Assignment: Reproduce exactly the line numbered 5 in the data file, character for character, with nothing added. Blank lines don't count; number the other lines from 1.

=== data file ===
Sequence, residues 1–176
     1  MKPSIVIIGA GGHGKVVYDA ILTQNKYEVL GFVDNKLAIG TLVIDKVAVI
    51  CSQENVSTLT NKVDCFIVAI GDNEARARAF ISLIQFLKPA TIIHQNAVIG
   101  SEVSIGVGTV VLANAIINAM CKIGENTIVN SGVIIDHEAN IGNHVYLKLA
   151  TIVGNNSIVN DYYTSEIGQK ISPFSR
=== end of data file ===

   151  TIVGNNSIVN DYYTSEIGQK ISPFSR